Breaking Through Training Plateaus with Periodzation

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Question: I seem to have hit a training plateau. No matter what I do I have not been able to increase my bench press, squat or deadlift much for the past three months. What do I need to do to move past this stale period?
Answer: Training plateaus can be physical, mental or a combination of the two – because your body will do whatever your mind demands it to do, within reason.
Most likely, your stall can be attributed to a lack of periodization. That is a system of training that outlines several weeks or even months of your weights and reps for each exercise. Shorter mini-cycles can be used to great advantage as well.
To increase the weight used in a power-lifting cycle, bench press, squat and dead-lift, you begin by determining your one rep maximum lift for each exercise. Then you follow predetermined cycles that outline the weight and reps for your workouts. These are determined by using percentages your one rep max.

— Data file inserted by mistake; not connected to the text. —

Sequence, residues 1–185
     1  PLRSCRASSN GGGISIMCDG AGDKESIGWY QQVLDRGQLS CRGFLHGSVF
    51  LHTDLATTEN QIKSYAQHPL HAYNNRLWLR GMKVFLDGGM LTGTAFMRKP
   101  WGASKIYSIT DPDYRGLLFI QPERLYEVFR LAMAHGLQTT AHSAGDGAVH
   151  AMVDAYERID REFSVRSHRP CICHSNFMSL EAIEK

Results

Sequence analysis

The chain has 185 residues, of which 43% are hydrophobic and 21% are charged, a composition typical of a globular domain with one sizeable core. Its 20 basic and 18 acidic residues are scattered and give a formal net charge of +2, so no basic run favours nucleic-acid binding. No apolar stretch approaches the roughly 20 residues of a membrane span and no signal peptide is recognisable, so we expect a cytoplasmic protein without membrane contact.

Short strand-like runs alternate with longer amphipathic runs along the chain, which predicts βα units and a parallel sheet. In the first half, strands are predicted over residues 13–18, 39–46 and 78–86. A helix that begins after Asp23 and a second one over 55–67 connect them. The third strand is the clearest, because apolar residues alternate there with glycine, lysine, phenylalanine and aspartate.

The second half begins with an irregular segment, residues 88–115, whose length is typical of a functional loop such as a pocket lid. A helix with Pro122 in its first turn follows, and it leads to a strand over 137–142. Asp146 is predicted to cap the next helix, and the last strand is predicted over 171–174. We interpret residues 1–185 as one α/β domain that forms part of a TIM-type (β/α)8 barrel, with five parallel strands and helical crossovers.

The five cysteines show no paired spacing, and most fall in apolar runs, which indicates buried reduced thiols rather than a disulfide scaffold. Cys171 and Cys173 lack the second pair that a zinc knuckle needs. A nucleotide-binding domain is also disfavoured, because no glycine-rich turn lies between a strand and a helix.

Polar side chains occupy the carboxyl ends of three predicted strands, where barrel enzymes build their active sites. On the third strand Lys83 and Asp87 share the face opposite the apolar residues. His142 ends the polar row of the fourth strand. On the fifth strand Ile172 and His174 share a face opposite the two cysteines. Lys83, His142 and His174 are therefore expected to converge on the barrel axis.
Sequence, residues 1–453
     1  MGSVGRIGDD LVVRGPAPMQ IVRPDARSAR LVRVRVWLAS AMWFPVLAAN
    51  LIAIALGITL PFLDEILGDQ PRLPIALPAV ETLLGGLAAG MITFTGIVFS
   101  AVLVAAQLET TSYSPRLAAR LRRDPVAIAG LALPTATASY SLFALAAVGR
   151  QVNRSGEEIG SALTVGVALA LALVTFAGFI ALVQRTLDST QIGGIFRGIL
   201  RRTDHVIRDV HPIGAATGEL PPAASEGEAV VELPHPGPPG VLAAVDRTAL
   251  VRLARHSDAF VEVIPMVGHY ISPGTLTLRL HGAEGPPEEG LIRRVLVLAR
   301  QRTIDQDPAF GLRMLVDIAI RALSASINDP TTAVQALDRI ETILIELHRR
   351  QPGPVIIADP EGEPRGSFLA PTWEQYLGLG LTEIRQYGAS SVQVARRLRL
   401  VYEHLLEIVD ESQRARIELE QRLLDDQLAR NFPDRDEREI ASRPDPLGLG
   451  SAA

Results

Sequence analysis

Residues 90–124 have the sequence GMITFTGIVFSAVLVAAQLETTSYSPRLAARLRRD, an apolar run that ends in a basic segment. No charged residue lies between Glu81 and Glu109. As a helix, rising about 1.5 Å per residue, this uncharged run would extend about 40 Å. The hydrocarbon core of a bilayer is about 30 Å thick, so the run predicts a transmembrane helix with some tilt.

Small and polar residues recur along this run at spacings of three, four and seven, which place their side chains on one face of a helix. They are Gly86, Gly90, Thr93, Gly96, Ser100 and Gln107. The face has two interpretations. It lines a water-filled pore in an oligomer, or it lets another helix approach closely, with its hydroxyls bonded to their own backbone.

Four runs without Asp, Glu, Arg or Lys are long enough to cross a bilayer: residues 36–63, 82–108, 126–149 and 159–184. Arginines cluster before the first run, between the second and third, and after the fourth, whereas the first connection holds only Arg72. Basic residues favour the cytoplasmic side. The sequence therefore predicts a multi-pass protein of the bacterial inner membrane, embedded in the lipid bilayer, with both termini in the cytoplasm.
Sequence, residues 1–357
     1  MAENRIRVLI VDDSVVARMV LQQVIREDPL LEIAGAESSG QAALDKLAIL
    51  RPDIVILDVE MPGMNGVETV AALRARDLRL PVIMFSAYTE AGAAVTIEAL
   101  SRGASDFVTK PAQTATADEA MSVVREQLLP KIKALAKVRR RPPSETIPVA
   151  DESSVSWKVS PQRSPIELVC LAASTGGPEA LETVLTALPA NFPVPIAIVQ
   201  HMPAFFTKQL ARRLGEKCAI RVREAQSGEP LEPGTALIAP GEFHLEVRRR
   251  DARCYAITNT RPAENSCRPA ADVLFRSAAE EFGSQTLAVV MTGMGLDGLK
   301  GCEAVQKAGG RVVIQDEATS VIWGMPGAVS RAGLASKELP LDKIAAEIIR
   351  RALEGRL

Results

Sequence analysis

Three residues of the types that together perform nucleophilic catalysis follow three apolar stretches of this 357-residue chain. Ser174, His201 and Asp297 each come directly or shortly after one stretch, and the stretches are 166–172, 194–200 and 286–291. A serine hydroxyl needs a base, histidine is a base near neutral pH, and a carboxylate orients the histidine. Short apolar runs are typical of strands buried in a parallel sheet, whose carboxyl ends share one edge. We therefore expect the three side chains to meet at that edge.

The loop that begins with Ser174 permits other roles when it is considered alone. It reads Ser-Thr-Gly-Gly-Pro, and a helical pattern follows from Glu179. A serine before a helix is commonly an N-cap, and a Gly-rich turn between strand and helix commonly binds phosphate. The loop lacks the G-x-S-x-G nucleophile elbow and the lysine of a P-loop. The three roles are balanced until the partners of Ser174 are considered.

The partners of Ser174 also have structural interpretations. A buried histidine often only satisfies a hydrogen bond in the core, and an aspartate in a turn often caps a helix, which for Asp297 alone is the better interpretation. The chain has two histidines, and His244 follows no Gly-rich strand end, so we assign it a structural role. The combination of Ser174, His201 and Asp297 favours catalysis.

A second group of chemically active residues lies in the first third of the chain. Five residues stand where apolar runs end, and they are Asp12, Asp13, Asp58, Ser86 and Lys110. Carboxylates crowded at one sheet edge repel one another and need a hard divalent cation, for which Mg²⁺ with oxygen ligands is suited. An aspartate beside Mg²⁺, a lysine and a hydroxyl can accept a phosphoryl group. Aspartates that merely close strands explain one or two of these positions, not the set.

For instance, you may do 65% of your one rep max for 5 sets of 6 reps on bench for a workout and the next workout may have you do 68 % for 8 sets of 3 reps. The training system depends on what you choose. The idea behind it is to prevent plateaus by forcing you to train lighter some weeks but moving progressively heavier weights over a time period, typically 8 to 12 weeks. At the end of the cycle you will establish new heavier max lifts as a new baseline for your training during the next period.
We use mini-cycles which are two workouts for mass and density for a lift or body part, followed by a volume workout. These still have the end result of progressively working towards heavier weights with built in time period for a working recovery.
This allows your body and mind to heal by taking a short break and short workouts to prevent training plateaus. Instead of your mind or body hitting a stalling point randomly, you plan one, build one into the system and get past it quickly never really noticing it. Plan first and execute the plan.
God bless and keep training,
Daryl

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